Millennials: willing prey in generations battle

Payment via smartphones, raising capital through crowd funding and sending bills via email: Fintech is usually associated with young people, with Millennials or the Y generation. Or in other words: twenty somethings and people in their early thirties who grew up with a computer on the kitchen table and a mobile phone on the go.

Companies that want to digitize further, often focus primarily on this generation. And in part this is appropriate. The Millennials are the early adopters and often very critical. If they don’t like an app, they will throw it off and move on to the next. They often do not have a credit card and are therefore more focused on digital innovations in the financial sphere.

The X factor of digitalization is different for every generation

Anyone who wants to modernize their billing processes should not only focus on the Millennials. But how do you convince other generations that digital modernization also has obvious benefits for them, rather than simply forcing them (there is no other way around it) and lose so much goodwill? The mistake many companies make, is that they use the same story and the same arguments to convince these generations. Often, this does not work.

Take for instance Generation X, born roughly between 1960 and 1980. They have busy jobs and families with growing children. This generation has one important goal: save time for quality time with the children. This generation does not want to spend the night searching for passwords just to make a payment. They prefer to read to their children.

Save time and be worry-free: that's the argument that will convince this generation. For example, by pointing to the huge timesaver of not having to log in just to pay a bill. Just press the button, pay within thirty seconds, and have a confirmation in your mailbox. And, this generation is loyal. If your app or product has proven itself in terms of convenience, they will remain loyal to you for years to come.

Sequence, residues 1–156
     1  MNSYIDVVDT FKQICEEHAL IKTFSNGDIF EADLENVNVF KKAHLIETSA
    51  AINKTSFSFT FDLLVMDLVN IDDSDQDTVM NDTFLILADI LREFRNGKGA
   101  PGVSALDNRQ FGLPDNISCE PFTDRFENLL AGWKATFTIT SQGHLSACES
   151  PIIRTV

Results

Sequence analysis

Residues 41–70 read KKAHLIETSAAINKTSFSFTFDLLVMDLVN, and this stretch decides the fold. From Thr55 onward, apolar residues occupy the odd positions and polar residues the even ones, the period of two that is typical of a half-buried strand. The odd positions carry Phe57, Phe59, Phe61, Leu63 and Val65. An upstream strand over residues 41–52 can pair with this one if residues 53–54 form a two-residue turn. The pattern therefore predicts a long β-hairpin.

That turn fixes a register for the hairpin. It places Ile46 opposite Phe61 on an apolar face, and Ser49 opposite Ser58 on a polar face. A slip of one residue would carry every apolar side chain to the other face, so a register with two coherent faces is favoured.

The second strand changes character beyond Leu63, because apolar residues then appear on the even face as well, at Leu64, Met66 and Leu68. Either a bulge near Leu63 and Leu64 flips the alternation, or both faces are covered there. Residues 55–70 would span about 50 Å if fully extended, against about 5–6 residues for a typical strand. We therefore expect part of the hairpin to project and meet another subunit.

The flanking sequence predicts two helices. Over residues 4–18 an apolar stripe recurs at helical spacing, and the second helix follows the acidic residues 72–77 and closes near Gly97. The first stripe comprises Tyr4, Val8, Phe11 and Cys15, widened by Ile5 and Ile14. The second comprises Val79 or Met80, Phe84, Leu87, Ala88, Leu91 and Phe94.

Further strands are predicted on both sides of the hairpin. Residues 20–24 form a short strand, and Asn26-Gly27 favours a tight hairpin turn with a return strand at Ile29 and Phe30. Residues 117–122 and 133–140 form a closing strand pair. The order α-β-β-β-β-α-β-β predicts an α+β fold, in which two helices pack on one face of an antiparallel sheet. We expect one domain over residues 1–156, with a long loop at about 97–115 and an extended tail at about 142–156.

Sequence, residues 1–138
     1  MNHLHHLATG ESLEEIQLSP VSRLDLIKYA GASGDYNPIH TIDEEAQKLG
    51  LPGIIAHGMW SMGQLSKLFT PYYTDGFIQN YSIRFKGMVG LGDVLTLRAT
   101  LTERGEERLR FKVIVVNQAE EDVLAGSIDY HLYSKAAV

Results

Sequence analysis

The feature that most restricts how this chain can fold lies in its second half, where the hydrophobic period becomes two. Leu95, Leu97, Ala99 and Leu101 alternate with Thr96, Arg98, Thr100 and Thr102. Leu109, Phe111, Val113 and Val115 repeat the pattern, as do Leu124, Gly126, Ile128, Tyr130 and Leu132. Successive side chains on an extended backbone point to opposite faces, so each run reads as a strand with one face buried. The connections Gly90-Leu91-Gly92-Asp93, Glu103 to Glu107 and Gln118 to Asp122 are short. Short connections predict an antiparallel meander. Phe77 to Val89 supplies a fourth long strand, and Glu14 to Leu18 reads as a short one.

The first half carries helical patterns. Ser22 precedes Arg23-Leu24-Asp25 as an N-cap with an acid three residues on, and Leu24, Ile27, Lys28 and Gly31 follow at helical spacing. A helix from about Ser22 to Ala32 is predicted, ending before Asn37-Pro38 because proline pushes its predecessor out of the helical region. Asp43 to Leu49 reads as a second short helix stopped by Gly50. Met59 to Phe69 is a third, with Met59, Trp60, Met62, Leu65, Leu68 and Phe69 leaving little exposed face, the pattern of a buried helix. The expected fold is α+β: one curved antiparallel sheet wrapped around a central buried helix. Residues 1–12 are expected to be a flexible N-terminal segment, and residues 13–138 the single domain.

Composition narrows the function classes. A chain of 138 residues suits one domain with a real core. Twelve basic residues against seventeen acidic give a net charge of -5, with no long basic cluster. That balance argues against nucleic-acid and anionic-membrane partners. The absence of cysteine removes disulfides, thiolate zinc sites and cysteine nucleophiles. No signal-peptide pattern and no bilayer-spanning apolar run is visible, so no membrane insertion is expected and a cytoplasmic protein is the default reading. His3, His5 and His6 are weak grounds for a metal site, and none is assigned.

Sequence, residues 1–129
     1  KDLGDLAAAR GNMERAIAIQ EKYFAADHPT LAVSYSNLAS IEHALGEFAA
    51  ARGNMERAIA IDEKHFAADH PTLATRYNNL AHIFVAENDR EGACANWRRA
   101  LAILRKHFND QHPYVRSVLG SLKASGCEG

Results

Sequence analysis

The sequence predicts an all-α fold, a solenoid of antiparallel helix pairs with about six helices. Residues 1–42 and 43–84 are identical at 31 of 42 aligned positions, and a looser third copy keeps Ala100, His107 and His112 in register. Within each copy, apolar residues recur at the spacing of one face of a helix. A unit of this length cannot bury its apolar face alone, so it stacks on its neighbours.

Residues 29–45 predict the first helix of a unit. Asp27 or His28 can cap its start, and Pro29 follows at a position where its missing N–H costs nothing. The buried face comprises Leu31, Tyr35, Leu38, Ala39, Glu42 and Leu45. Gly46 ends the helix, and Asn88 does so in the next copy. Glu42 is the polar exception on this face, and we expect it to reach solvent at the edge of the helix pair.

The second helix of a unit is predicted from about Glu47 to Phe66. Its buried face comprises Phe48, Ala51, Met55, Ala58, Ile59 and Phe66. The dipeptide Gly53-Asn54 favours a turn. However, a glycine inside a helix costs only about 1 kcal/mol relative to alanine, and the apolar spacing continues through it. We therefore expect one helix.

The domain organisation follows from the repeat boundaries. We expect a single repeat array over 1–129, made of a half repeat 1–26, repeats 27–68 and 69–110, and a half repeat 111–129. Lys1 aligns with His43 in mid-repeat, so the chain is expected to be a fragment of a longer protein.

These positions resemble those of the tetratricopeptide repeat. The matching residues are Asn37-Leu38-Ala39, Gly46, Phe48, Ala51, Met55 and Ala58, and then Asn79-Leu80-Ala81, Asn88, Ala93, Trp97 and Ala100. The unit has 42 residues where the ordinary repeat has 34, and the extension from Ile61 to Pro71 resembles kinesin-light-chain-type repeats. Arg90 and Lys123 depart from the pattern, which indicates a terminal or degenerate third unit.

A similar story applies to the Baby boomers and Traditionalists: people in their fifties and older. It is not true that they are averse and afraid of everything that is digital, even though they do like to read the newspaper preferably on paper. They do attach more value to privacy, security and reliability. If they have to enter numbers, they are terrified that they might make mistakes. And to make sure that a bill via Internet banking is actually paid, they often even check with the bank or vendor afterwards.

Jump on their need for security and control, and make sure this group is pleased with digital payment convenience rather than scared. We do this by making the entering of numbers an unnecessary action and letting the payment status jump from blue (not yet paid) to green once the payment has been successfully done. Remove uncertainty and insecurity; transparency comes first.

This is the lesson we have learned in the past nine years: every target group has its own needs, behaviour and demands. Make sure you know your (potential) customers and anticipate their needs rather than to focus only on Millennials and ignore the rest of your customers, or eventually forcing them to make the switch. So, find out the X factor of all your target customer groups and discover what inspires them. Now everyone can benefit from the many advantages that modernization entails!

Peter Kwakernaak

Peter Kwakernaak


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